"Ultimately, we're going to need legislation, and that's where awareness comes in handy," he said.

Watch this really interesting, personal conversation between President Obama and David Simon below:


via Pexels

A new Gallup poll found a significant increase in the number of Americans who identify as LGBT since the last time it conducted a similar poll in 2017.

The poll found that 5.6% of U.S. adults identify as lesbian, gay, bisexual, or transgender. That's a large increase from the 2017 poll that had the number at 4.5%.

"More than half of LGBT adults (54.6%) identify as bisexual. About a quarter (24.5%) say they are gay, with 11.7% identifying as lesbian and 11.3% as transgender. An additional 3.3% volunteer another non-heterosexual preference or term to describe their sexual orientation, such as queer or same-gender-loving," the poll says.

Keep Reading Show less
Courtesy of Creative Commons
True

After years of service as a military nurse in the naval Marine Corps, Los Angeles, California-resident Rhonda Jackson became one of the 37,000 retired veterans in the U.S. who are currently experiencing homelessness — roughly eight percent of the entire homeless population.

"I was living in a one-bedroom apartment with no heat for two years," Jackson said. "The Department of Veterans Affairs was doing everything they could to help but I was not in a good situation."

One day in 2019, Jackson felt a sudden sense of hope for a better living arrangement when she caught wind of the ongoing construction of Veteran's Village in Carson, California — a 51-unit affordable housing development with one, two and three-bedroom apartments and supportive services to residents through a partnership with U.S.VETS.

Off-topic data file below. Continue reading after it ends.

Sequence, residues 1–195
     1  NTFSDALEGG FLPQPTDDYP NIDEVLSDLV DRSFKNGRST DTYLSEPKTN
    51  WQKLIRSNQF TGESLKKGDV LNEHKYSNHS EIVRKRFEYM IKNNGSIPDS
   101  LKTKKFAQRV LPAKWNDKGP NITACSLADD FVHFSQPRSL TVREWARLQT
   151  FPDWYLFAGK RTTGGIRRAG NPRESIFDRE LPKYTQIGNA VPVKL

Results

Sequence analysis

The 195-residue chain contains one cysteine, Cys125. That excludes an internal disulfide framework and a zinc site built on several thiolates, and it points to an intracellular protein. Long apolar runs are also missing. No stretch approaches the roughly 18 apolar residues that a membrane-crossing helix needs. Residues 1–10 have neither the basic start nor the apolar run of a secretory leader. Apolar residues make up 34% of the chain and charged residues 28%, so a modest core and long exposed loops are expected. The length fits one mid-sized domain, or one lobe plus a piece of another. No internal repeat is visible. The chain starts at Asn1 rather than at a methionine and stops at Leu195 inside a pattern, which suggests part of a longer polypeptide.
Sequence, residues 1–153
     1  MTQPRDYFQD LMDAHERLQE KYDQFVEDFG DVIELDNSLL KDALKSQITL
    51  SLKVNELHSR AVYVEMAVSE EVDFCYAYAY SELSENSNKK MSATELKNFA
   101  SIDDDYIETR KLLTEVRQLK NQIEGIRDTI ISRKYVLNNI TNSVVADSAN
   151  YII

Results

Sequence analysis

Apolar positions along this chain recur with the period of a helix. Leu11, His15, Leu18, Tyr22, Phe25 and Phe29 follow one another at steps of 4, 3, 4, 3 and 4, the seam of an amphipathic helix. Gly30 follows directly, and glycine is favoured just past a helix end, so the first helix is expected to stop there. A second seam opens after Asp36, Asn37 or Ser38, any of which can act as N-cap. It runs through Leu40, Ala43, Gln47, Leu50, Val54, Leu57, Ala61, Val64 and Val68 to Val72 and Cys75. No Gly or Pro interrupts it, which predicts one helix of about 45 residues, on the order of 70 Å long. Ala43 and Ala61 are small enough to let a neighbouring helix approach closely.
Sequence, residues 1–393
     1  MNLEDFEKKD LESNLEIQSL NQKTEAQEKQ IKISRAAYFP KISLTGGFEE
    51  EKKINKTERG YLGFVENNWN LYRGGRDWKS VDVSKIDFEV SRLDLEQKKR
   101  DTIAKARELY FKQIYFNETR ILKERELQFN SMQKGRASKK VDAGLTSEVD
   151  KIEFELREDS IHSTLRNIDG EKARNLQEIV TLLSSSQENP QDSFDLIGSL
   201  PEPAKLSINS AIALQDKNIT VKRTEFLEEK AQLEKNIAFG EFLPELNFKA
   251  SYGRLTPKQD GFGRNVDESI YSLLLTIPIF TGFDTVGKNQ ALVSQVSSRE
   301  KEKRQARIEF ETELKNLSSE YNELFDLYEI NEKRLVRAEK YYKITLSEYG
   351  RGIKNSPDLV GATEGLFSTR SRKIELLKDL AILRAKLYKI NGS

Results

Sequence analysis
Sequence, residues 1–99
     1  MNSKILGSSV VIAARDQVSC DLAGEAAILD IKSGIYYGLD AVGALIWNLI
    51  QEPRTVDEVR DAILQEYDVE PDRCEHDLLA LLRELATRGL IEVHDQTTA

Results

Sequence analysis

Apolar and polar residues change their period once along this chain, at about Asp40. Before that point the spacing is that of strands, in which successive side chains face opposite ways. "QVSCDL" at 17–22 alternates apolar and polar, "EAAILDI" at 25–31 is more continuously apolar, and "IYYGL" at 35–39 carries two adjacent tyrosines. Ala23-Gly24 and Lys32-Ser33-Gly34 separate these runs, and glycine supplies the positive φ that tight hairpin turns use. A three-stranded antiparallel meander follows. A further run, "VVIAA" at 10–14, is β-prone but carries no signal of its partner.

Her feelings of hope quickly blossomed into a vision for her future when she learned that Veteran's Village was taking applications for residents to move in later that year after construction was complete.

"I was entered into a lottery and I just said to myself, 'Okay, this is going to work out,'" Jackson said. "The next thing I knew, I had won the lottery — in more ways than one."

Keep Reading Show less

As the nation helplessly watches our highest halls of government toss justice to the wind, a 2nd grader has given us someplace to channel our frustrations. In a hilarious video rant, a youngster named Taylor shared a story that has folks ready to go to the mat for her and her beloved, pink, perfect attendance pencil.

Keep Reading Show less
via wakaflockafloccar / TikTok

It's amazing to consider just how quickly the world has changed over the past 11 months. If you were to have told someone in February 2020 that the entire country would be on some form of lockdown, nearly everyone would be wearing a mask, and half a million people were going to die due to a virus, no one would have believed you.

Yet, here we are.

PPE masks were the last thing on Leah Holland of Georgetown, Kentucky's mind on March 4, 2020, when she got a tattoo inspired by the words of a close friend.

Keep Reading Show less